Though their hands were tied creatively in the studio and the band couldn't get new product on the shelves, Vision continued to play out live and write music. After a couple of years of legalese and failed attempts at severing all ties with Criminal Records, Vision "won" their battle as the label finally folded. The band could now record new material and pursue another contract. Corrupted Image Records, based out of Lancaster, PA had been in conact with Vision for some time and quickly jumped at the opportunity to work with the band in releasing their material. CI's first endeavor was to reissue Vision's classic 1988 "Undiscovered" EP in early 1996.
With the seven-year core of Dave, Pete and Matt intact, Vision then picked up long-time friend Paul Famula on guitar and Nate Gluck from the band's New Jersey hardcore colleague...Strength 691. Vision wasted no time going into the studio to record its "One And The Same" EP for Corrupted Image. The four-song record marked a return to the more familiar Vision sounds of old, with added vocal harmonies to boot. Songs like "Folk Hero" and the title track harkened back to the great days of mid to late-80s hardcore, while songs like "Disguise" and "No Mistake" added flavors of pop-punk and metal without losing the distinctive Vision sound. During their recording session, Vision pumped out two covers that would eventually become contributions to two different hardcore compilations: "The World Still Won't Listen," a Smiths tribute album on Too Damn Hype Records, and "Let's Try Something Newer," a Corrupted Image Records 10" EP sampler. With two releases in stores and selling at shows, Vision began playing live more regularly, attracting new fans and bringing back old ones.
When Nate Gluck left the band for a full-time stint with Ensign in late 1996, original Vision guitarist Sean Brazel eagerly joined back with the crew, nine years after departing - this time playing bass. In the spring of 1997 Corrupted Image released the "One And The Same" Maxi-CD, a 14-song barn-stormer that contains the eight songs of the previous two CIR 7" EPs, the two cover songs, three live tracks recorded at CBGB and a previously unreleased version of "What's Inside", recorded for the "Undiscovered" EP that never made it to the final press. You might say that in ten years, Vision has come full circle both musically and internally.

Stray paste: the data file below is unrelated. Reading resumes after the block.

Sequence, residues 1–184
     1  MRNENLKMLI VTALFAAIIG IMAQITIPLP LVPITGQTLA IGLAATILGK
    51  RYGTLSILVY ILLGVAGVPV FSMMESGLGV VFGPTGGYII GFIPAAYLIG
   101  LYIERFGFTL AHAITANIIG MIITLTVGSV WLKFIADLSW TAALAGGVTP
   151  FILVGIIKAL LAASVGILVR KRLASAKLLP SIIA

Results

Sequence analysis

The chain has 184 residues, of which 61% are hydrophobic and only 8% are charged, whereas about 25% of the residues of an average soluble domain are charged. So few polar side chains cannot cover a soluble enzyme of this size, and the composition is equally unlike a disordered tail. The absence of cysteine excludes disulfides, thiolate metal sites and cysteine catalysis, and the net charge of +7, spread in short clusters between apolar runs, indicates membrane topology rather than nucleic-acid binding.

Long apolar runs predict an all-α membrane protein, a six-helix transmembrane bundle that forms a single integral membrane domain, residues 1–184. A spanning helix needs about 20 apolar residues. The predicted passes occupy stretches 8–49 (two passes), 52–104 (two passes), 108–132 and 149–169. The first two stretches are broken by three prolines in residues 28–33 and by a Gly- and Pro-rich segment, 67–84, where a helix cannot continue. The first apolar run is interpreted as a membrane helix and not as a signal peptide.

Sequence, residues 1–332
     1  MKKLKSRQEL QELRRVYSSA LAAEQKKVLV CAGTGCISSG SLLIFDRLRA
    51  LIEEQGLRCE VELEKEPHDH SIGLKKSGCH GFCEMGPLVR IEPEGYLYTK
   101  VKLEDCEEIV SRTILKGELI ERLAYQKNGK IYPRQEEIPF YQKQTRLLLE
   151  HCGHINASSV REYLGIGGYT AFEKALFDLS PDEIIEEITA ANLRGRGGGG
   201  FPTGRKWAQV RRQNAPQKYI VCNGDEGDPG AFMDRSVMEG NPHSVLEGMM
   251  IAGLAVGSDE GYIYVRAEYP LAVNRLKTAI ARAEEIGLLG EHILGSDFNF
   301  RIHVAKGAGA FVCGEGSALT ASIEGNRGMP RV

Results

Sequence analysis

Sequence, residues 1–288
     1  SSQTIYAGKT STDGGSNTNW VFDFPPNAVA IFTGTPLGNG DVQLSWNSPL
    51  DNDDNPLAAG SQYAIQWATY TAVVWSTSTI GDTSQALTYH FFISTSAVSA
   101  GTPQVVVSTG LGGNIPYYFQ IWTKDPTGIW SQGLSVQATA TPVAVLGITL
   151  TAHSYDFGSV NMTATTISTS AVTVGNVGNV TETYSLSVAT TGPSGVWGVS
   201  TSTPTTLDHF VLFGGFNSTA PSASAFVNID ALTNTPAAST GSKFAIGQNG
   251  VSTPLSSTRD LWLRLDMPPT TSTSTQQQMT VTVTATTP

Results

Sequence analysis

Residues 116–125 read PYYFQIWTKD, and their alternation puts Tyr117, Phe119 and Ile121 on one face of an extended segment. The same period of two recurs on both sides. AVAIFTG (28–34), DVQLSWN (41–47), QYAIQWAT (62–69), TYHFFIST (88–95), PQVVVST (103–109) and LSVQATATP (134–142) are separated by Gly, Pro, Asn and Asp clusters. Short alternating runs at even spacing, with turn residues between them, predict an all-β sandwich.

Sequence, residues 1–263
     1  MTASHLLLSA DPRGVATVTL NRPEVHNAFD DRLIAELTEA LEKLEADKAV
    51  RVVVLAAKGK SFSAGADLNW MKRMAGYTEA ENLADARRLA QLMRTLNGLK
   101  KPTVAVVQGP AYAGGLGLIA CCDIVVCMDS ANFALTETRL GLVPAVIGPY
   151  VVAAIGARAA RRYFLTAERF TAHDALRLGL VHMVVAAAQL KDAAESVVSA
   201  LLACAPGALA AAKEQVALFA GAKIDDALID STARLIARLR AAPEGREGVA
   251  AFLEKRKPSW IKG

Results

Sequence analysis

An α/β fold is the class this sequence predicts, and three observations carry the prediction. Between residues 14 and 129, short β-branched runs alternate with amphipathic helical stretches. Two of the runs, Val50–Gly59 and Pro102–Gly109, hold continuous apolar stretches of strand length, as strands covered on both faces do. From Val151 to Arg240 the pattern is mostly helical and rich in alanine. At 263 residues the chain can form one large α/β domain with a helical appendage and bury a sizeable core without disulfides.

Good fortune shed light on Vision once again when Cargo Music, Inc., who had inherited Nemesis Records' rights to press "In The Blink Of An Eye", contacted the band with an offer to rerelease their classic 1989 album on compact disc and vinyl. Along with the deal came an option for further collaboration on all-new material. The "In The Blink..." repress hit the stores in the summer of 1997 under the Tacklebox Records label, a division of Cargo Music. Vision then wrapped up a session at New Jersey's famous Trax East recording studio, pumping out over a dozen new songs.
With their third full-length album about to hit the stores, Vision contacted their long-time friends in Agnostic Front who had just reunited after a five-year hiatus. Tours of America and Europe were soon worked out and Vision found themselves opening up for AF in front of packed crowds. After ten years of hard work, Vision was re-introduced to thousands of fans on both sides of the Atlantic in November and December of 1997. Vision's latest album titled "The Kids Still Have A Lot To Say" was just released in January of 1998, on Cargo's Grilled Cheese Records. The band will soon be hitting the road once again, heading out to Texas in March for the "South by Southwest" music seminar, touring the west coast in the spring, then heading back to Europe in the summer for festivals and club dates. With a whole new live set, three recent releases and two new tours in the works, Vision is a bomb waiting to explode...